Nearly half of the recurrence rate of the disc-condyle relationship after ARS treatment in the long-term is barely satisfactory. Some doctors advocate for disk repositioning surgery or combined therapy of disk repositioning surgery and ARS. Better long-term stability of the disc-condyle relationship and new bone formation on the surface of the condyle were found in disk repositioning surgery patients with or without ARS.26–28 However, the percentage of new bone formation after disk repositioning without ARS was decreased in older patients.29
The current study confirmed the effect of condylar regeneration and mandibular growth after disk repositioning and ARS in young adults. The SNB angle increased and the ANB angle decreased. In addition, vertical measurements, including MP-FH, MP-SN, and y-axis, all decreased, suggesting counterclockwise rotation of the mandible. The increase in ANS-Me:N-Me indicated vertical growth of the lower face. However, the decrease in the vertical ratio Anterior lower facial height/Posterior lower facial height and the increase in the posterior/anterior facial height (S-Go/N-Me) ratio indicated the outgrowth of the posterior part of the lower face. Therefore, the severity of skeletal Class II and the hyperdivergent growth pattern were alleviated. A typical case is shown in Figure 2D-F. This treatment approach also improved the Class II profile and sustained camouflage orthodontic treatment afterward. For borderline cases, orthognathic surgery might be avoided.
TMD is a complex multidisciplinary disease lacking standard treatment guidelines. Various treatment approaches are often based on doctor training experience. The consensus is that invasive treatment should be based on discreet evaluation including the stages of TMD, the life quality influenced by the condition, the severity of craniofacial morphology discrepancy, and the patient's willingness to undergo surgery.
TMJ disc surgery followed by postoperative ARS could promote condylar bone remodeling and regeneration. The patients' SNB angle increased, the ANB angle decreased, and the ratio of posterior lower facial height increased. Therefore, the severity of skeletal Class II and the hyperdivergent growth pattern were alleviated, which sustained camouflage orthodontic treatment instead of orthognathic surgery for borderline cases.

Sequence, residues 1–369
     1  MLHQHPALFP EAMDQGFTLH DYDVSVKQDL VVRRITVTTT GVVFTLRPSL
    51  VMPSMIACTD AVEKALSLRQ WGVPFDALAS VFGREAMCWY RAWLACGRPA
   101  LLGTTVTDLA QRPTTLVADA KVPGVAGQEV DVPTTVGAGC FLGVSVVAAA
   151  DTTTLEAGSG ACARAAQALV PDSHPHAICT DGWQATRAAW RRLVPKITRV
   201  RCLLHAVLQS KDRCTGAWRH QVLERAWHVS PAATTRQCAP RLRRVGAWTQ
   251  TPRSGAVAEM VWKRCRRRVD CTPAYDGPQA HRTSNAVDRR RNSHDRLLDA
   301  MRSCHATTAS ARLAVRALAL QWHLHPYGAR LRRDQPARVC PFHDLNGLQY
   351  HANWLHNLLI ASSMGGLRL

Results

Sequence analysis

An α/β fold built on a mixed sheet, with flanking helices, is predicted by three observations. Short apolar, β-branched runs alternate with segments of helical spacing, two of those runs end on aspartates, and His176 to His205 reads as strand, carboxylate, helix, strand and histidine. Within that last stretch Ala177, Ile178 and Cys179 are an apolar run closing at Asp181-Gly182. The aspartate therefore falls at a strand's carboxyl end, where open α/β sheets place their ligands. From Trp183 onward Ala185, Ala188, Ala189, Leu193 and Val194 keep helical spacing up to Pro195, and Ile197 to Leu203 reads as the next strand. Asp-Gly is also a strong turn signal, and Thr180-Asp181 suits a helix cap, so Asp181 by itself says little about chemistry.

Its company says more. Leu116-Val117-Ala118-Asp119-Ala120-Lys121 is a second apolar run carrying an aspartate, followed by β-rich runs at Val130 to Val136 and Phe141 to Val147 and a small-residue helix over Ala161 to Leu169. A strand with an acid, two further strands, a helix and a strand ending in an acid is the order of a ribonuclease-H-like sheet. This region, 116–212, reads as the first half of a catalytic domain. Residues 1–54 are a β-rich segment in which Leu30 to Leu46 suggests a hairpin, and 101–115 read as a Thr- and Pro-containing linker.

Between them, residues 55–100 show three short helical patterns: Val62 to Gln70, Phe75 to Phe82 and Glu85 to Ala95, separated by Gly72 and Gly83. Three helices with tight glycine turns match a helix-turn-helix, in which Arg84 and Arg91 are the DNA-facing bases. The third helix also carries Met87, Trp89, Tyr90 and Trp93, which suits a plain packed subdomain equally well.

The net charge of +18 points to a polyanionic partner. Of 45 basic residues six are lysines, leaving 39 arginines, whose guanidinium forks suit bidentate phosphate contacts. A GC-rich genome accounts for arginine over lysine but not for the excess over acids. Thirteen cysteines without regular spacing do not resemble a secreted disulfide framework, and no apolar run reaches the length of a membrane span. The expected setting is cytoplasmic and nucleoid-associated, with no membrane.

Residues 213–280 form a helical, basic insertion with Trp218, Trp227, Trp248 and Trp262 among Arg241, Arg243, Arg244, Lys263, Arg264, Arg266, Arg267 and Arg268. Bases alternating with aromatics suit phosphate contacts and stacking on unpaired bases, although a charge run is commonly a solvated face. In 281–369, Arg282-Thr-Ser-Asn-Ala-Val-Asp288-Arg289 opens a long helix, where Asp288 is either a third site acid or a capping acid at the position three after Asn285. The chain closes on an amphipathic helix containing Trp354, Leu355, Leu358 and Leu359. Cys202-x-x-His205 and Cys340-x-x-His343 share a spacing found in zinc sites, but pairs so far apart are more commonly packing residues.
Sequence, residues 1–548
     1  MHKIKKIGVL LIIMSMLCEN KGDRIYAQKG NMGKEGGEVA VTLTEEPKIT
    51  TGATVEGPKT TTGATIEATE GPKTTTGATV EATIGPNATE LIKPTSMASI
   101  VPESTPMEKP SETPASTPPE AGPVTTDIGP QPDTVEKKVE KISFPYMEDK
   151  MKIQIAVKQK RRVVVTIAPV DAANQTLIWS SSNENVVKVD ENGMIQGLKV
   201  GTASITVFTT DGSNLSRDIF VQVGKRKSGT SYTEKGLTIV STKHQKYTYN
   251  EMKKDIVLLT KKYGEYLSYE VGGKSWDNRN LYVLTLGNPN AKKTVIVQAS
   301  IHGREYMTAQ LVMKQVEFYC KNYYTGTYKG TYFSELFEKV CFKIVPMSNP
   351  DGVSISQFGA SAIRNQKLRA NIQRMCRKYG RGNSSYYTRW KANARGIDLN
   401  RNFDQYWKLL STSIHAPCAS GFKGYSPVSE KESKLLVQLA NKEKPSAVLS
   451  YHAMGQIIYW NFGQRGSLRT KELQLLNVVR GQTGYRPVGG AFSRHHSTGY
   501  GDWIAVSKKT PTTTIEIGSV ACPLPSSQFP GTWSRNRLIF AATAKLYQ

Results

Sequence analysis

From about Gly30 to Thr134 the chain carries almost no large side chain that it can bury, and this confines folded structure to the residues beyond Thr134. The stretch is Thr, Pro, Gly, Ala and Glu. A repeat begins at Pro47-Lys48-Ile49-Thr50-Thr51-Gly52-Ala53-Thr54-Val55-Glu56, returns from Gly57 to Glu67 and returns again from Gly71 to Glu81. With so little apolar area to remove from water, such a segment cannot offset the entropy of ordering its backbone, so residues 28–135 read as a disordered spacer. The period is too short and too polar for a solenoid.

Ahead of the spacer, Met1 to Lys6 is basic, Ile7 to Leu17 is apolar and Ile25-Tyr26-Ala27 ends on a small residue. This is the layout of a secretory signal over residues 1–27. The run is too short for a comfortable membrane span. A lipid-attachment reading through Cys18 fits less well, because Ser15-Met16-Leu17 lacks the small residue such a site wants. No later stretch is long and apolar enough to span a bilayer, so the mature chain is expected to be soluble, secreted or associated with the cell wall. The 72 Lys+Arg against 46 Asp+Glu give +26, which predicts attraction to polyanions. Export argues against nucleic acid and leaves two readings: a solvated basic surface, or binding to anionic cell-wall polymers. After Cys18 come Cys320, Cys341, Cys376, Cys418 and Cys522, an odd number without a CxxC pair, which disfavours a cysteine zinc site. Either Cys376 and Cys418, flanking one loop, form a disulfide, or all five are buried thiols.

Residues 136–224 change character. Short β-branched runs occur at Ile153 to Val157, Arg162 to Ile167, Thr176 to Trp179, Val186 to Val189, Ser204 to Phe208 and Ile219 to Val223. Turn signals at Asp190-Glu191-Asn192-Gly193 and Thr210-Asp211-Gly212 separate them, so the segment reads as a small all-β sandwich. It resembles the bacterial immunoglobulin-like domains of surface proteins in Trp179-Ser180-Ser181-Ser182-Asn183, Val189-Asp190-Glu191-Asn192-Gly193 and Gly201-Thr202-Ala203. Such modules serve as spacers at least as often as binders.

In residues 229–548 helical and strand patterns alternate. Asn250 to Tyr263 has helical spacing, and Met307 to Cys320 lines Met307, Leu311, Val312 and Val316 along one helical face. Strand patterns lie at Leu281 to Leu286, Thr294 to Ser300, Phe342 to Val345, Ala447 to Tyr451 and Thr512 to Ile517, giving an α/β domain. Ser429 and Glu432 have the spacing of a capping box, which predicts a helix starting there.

The SS, on the other hand, enabled the mandible to withdraw backward. The patients' SNB angle decreased, and the ANB angle increased markedly. After SS therapy, a much more retrognathic, but true, mandible position is revealed. According to this position, the subsequent combined treatment of orthodontics and orthognathic surgery should be considered.
In this study, two different effective treatment approaches for skeletal Class II DJD were offered. ARS and SS exhibited different influences on mandible position and condylar remodeling.
This project was sponsored by the following funds: College Students Innovation Training Project of Shanghai Jiao Tong University School of Medicine (Project No.1521Y592), Shanghai Ninth Hospital Cross Fund (Project No. JYJC202013), Shanghai Science and Technology Major Project (Project No. 2018SHZDZX05), Key Task of Lingang Laboratory (Project No. LG202103-01-07).
Resident Doctor, Department of Oral & Cranio-maxillofacial Surgery, Shanghai Ninth People's Hospital, College of Stomatology, Shanghai Jiao Tong University School of Medicine, National Clinical Research Center for Oral Diseases, Shanghai Key Laboratory of Stomatology & Shanghai Research Institute of Stomatology, Shanghai, China.
Undergraduate Student, Shanghai Ninth People's Hospital, College of Stomatology, Shanghai Jiao Tong University School of Medicine, National Clinical Research Center for Oral Diseases, Shanghai Key Laboratory of Stomatology & Shanghai Research Institute of Stomatology, Shanghai, China.
Associate Professor, Department of Oral & Cranio-maxillofacial Surgery, Shanghai Ninth People's Hospital, College of Stomatology, Shanghai Jiao Tong University School of Medicine, National Clinical Research Center for Oral Diseases, Shanghai Key Laboratory of Stomatology & Shanghai Research Institute of Stomatology, Shanghai, China.